1.) Josh Allen vs a defense that isn’t his own.
Josh Allen, albeit with some inconsistency, had a relatively hot start to training camp. Since then his play has teetered off and we’ve seen him complete passes at a lower percentage and turn the ball over. This trend can be explained by a number of factors. The most obvious is that Mitch Morse has been out since the third practice with a concussion and Russell Bodine has been taking a majority of the first unit reps at Center. Bodine is a well below average NFL starter and is pushed back into the pocket on a regular basis. This forces Allen to cut short his progressions and leave the pocket. It is when he leaves the pocket that he makes risky across the body throws that are intercepted. If Bodine is the starting center on Thursday night it will be interesting to watch Allen face the adversity of playing with such an egregiously bad center. Will he smarten up and throw the ball away? Or will he continue to try to force plays that aren’t there and loft balls into coverage?
A second explanation for the drop off in play thus far has a far more positive spin to it. Patrick Mahomes was described as “terrible” to many onlookers. In reality, he was intentionally making every possible type of throw to see what he could and could not get away with in the NFL. He met with the defensive players and asked them what they were seeing from him, how they knew what he was going to do, etc. When the live balls started flying he was able to make better decisions, resulting in an MVP season. I’m not saying Allen will be this year’s NFL MVP, but there is a possibility once we actually start playing opponents the play gets more consistent because he was taking the same approach Patrick Mahomes did. Proof of this may be the fact the Bills have intentionally placed Allen in adverse situations almost every day this camp.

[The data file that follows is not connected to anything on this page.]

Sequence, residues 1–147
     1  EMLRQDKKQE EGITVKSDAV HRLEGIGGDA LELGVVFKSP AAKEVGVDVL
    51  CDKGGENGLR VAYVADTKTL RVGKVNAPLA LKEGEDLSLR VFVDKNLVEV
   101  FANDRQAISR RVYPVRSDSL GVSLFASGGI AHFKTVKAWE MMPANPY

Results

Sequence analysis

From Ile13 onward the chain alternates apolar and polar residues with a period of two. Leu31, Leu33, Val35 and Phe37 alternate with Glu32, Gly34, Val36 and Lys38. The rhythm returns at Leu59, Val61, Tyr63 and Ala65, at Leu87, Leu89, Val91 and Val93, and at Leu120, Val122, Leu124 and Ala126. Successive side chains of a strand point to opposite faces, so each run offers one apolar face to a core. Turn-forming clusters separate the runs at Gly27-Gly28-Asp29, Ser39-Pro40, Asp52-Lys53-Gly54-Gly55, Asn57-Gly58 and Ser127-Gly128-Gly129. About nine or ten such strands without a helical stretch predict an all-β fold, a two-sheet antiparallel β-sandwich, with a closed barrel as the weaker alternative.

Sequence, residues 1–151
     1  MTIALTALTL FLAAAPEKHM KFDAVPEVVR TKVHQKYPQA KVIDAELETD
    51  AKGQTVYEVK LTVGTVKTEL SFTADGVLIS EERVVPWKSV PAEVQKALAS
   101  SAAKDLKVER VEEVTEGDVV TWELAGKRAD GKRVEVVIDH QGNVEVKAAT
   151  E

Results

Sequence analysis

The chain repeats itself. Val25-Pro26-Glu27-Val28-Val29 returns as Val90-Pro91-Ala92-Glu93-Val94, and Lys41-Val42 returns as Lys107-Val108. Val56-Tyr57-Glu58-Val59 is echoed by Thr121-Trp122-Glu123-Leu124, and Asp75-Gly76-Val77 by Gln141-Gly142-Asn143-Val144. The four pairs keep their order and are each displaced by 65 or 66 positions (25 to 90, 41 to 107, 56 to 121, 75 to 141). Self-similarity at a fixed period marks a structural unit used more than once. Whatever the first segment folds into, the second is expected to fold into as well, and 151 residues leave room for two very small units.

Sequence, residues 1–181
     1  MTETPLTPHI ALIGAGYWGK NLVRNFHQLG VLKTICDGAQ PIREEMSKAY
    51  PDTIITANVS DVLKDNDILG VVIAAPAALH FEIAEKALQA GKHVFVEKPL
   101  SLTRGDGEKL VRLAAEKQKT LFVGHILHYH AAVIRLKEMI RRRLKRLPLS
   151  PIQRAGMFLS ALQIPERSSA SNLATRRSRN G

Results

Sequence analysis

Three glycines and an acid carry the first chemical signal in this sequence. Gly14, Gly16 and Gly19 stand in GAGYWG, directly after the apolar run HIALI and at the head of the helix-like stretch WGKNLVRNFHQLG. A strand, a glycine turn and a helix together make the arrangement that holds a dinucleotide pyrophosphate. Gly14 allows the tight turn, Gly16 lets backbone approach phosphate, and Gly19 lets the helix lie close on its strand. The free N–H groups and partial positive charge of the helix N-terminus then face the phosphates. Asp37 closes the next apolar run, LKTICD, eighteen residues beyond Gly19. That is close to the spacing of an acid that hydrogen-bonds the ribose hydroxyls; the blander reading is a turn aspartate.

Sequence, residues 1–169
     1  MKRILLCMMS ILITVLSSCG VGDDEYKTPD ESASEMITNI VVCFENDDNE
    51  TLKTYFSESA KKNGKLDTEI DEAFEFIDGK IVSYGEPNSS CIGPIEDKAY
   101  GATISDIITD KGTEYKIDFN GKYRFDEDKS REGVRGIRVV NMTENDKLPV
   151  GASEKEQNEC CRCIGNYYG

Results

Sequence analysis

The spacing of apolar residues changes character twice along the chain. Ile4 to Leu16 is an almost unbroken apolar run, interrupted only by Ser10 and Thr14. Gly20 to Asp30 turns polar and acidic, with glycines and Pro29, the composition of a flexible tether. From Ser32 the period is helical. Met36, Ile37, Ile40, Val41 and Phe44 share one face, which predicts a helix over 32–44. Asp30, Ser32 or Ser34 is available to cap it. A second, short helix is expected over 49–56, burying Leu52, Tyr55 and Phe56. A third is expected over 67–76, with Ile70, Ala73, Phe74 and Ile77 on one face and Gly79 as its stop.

A final explanation may be that the Buffalo Bills just have a really really good defense and that after days of practice they just have the offense’s number. That is why it is important that we start seeing Josh Allen and the offense against opponents other than themselves.